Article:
100 Parts by weight of the gel-containing vinyl chloride polymer prepared according to Run No. 8 of Example 1 was mixed with a quantity as shown in Table 2 of dioctyl phthalate and 5 parts by weight of tribasic lead sulfate and molded in the same manner as in Example 1. Processability, matt surface and compression permanent set were evaluated in the same manner as in Example 1. The results are summarized in Table 2.

                                  TABLE 2__________________________________________________________________________              Amount of         Compression        Vinyl plasticizer       permanent        chloride              (parts by                    Matt  Proces-                                setRun No.      polymer              weight)                    Surface                          sability                                (%)__________________________________________________________________________12 (Comparative example)        Run No. 8               20   Uneven in                          No good                                Unmeasurable                    appearance13           "      50   Good  Fairly good                                48.014           "      75   Good  Good  47.015           "     100   Good  Good  45.016           "     150   Good  Fairly good                                45.017           "     180   Good  Fairly good                                45.018 (Comparative example)        "     220   Uneven in                          Bad   45.0                    appearance__________________________________________________________________________

Table 2 demonstrates that if the amount of plasticizer in composition is outside the range of this invention, there occurs a reduction of processability or there arises problems in practical use such as unevenness of mat or an increase of compression permanent set.

EXAMPLE 3

To 100 parts by weight of a resin component, prepared by blending 100 parts by weight of the gel-containing vinyl chloride polymer produced according to Run No. 8 of Example 1 with 200 parts by weight of a usual vinyl chloride resin having an average degree of polymerization of 1950 and a gel content of 0%, were added a quantity as shown in Table 3 of dioctyl phthalate and 5 parts by weight of tribasic lead sulfate. The resulting mixture was molded in the same manner as in Example 1 and the processability, matt surface and compression permanent set were evaluated in the same manner as in Example 1. The results obtained are summarized in Table 3.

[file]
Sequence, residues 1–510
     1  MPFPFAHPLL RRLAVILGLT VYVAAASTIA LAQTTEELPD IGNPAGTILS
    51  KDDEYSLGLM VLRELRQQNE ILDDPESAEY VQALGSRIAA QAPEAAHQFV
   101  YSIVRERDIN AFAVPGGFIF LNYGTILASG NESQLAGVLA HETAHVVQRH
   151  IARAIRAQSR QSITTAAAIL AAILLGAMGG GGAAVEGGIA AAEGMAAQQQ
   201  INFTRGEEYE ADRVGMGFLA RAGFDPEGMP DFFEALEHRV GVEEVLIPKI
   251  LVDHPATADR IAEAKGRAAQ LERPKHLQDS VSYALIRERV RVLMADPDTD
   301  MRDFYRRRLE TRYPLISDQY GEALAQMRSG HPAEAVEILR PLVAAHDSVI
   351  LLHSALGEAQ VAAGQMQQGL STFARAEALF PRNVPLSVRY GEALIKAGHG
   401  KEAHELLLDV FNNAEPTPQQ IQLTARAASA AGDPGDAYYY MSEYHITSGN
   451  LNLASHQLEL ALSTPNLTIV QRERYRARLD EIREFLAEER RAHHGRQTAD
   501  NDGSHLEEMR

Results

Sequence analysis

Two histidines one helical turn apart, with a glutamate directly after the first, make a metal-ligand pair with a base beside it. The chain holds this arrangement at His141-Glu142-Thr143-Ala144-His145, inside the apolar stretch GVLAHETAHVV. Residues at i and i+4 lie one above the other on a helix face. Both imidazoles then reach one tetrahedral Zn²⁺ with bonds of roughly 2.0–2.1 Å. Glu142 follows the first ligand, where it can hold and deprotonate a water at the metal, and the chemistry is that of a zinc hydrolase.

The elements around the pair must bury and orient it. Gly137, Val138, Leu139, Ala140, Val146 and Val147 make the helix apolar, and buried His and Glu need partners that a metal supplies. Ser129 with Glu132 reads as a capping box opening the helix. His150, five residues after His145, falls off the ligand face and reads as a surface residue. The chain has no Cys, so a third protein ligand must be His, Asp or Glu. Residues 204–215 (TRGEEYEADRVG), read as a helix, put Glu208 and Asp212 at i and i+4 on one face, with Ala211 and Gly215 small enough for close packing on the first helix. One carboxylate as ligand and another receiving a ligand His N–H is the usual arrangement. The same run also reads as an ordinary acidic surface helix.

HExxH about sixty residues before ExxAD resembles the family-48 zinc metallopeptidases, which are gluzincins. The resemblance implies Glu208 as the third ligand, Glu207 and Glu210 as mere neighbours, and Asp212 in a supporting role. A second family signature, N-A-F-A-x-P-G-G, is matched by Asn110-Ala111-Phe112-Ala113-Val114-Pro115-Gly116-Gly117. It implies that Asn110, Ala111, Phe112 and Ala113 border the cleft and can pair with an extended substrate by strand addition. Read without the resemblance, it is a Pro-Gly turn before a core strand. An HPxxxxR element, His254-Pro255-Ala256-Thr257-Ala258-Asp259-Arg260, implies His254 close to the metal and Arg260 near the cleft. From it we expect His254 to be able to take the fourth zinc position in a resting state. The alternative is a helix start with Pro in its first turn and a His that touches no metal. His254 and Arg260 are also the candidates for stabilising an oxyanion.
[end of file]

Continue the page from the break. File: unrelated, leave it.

TABLE 3__________________________________________________________________________         Amount of        plasticizer      Compression        (parts by    Proces-                         permanent setRun No.      weight)              Matt Surface                     sability                         (%)__________________________________________________________________________19 (Comparative example)         20   Uneven in                     Bad Unmeasurable              appearance20            50   Good   Fairly                         49.0                     good21            75   Particularly                     Good                         48.0              good22           100   Particularly                     Good                         46.0              good23           150   Particularly                     Fairly                         46.0              good   good24           180   Good   Fairly                         46.0                     good25 (Comparative example)        220   Uneven in                     Bad 46.0              appearance__________________________________________________________________________

Table 3 demonstrates that if the amount of plasticizer in composition is outside the range of this invention, there occurs a reduction of processability or there arise various problems in practical use such as unevenness of mat or increase of compression permanent set.

EXAMPLE 4

To 100 parts by weight of a resin, prepared by blending the gel-containing vinyl chloride polymer produced according to Run No. 9 of Example 1 with a usual vinyl chloride resin having an average degree of polymerization of 1950 and a gel content of 0% in a proportion as shown in Table 4, were added 80 parts by weight of dioctyl phthalate and 5 parts by weight of tribasic lead sulfate. The resulting mixture was molded in the same manner as in Example 1 and processability, matt surface and compression permanent set were evaluated in the same manner as in Example 1. The results obtained are summarized in Table 4.